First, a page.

People interested in Abraham Lincoln will love this book about myths, hoaxes and confabulations connected with the sixteenth president of the United States. Edward Steers is a Lincoln expert who examines, with an eye to disproving, a variety of Lincoln legends. After Lincolnís death, many people got on the Lincoln nostalgia bandwagon to gain notoriety or for financial gain. Others wanted to disparage his memory, especially un-reconstructed Confederates.
Steerís telling of these legends is entertaining and informative. He also provides several photographs and illustrations, and the chapters are of a good digestable length. He introduces the legends and their impact on the memory of Lincoln or those connected with him like John Wilkes Booth. Some of the legends Steer examines:
Steers discusses some of the quotes attributed to Lincoln which he did not actually utter but that have became famous since he supposedly said it. When did Lincoln write the Gettysburg Address, was it a hurried creation or did he take time to ponder what he would say? Was Abraham Lincoln gay? Was Dr. Samuel A. Mudd an innocent bystander who performed his profession as a medical doctor to help the injured John Wilkes Booth, or was Dr. Mudd part of the assassination plot? Did Secretary of War, Edwin Stanton and other Republicans conspire with John Wilkes Booth to assassinate Abraham Lincoln? Who was the man who held Boothís horse while he went in and shot the president?
- Is the cabin in the marble building or memorial at the Abraham Lincoln Birthplace National Historical Site in Hodgenville, Kentucky, the actual cabin that Lincoln was born in?
- Was Thomas Lincoln actually Abraham Lincolnís father, or was Abraham Lincoln a bastard?
- Two chapters deal with the love affair and death of Ann Rutledge, who might have been Lincolnís first love.
- Was Abraham Lincoln baptized a Christian?
- Was a member of Lincolnís family - his wife - a Confederate spy?
This is a fascinating and mysterious collection of stories about the legends of Lincoln or those connected with him. Steers refutes these legends and shows why they are false or do not have factual documentation connected with them. He researched using various sources like the National Archives, the Library of Congress and other primary sources and records. He provides endnotes and an index.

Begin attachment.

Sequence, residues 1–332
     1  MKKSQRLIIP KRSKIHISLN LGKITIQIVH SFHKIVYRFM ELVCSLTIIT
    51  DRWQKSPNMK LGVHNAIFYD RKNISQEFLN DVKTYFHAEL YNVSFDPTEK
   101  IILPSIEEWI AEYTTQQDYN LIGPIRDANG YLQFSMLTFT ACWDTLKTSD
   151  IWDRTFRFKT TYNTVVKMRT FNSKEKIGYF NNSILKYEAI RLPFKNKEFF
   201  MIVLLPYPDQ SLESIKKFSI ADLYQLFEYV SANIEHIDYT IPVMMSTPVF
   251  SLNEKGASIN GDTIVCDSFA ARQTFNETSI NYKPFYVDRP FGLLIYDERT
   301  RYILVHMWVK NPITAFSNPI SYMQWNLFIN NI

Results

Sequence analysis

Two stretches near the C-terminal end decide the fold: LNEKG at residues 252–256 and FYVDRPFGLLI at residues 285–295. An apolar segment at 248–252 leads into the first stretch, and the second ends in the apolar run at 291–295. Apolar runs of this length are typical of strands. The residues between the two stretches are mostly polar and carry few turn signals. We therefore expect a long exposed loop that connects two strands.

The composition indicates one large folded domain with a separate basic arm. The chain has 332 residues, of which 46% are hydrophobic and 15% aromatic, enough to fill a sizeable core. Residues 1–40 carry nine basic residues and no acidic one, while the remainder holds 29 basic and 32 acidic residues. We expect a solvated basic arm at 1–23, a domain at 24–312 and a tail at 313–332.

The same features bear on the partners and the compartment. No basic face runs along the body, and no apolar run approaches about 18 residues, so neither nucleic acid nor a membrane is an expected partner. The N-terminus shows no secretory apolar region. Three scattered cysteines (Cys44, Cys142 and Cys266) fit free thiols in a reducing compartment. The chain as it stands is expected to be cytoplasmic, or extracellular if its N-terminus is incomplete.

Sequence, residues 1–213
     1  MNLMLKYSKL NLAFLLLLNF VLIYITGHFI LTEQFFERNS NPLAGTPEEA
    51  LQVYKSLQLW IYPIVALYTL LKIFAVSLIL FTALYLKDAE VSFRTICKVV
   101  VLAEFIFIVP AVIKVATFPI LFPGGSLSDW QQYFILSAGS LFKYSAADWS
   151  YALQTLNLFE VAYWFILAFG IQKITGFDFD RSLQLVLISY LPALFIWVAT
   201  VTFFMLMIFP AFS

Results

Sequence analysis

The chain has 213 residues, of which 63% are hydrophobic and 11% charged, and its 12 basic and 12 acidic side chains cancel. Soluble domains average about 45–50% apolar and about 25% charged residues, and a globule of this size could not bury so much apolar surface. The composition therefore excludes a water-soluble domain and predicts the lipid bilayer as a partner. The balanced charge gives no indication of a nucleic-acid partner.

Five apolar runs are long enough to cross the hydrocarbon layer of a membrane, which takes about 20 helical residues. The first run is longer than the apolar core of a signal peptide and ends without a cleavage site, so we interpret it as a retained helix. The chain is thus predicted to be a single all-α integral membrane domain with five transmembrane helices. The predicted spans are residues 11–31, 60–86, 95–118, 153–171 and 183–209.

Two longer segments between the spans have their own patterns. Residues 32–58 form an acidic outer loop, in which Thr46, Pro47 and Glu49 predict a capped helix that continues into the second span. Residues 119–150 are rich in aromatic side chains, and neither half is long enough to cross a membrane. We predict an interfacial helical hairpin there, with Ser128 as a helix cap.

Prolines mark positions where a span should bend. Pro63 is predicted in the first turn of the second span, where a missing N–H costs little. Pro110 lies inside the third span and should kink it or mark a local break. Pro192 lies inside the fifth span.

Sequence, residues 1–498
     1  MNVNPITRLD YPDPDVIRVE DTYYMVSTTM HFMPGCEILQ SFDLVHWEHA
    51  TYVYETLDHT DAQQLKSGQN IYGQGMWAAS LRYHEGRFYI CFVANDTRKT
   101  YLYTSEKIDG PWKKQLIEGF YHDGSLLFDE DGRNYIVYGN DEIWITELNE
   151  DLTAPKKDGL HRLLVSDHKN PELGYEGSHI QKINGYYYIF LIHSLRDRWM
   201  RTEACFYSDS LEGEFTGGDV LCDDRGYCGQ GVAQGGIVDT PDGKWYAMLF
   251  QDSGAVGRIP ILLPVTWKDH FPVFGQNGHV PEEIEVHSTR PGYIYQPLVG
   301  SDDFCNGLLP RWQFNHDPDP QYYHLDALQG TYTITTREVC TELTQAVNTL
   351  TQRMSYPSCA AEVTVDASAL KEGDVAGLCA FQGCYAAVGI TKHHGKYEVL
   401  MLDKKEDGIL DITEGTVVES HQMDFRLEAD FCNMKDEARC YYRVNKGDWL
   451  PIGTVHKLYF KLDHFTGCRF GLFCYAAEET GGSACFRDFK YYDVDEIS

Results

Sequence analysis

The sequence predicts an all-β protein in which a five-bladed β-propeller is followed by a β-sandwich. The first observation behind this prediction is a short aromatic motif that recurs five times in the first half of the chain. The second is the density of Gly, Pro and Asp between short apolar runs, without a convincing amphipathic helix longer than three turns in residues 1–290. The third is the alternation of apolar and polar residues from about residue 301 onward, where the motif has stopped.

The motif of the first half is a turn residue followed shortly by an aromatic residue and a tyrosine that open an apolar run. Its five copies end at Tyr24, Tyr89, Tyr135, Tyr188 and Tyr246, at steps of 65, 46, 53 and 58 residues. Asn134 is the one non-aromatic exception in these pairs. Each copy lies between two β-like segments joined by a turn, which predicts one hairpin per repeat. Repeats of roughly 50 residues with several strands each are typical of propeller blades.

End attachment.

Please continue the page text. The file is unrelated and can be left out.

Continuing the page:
Harold Holzer provides an introduction to the book. The book jacket, designed by Richard Rossiter, has the top part of Lincolnís head covered with the stovepipe hat that Lincoln was known for. On the hat is the title, subtitle and authorís name. The tall hat could be seen as symbolically representing the tall tales that Steers examines.
Dr. Edward Steers, Jr. (Ph.D in molecular genetics, 1963) retired from the National Institutes of Health in 1994 and began his writing career. He is a recognized and award-winning expert on Abraham Lincoln and his assassination. He has appeared on various television channels like The History Channel, C-Spanís Book Notes and others. He is the Internet editor of the Lincoln Herald and an associate editor for North and South magazine. He is the author of Blood on the Moon (2001), His Name is Still Mudd (1997), The Quotable Lincoln (1996), Lincoln: A Pictorial History (1994), The Escape and Capture of John Wilkes Booth (1992) and of several articles. Lincoln Legends is highly recommended to Lincoln enthusiasts and those interested in his assassination.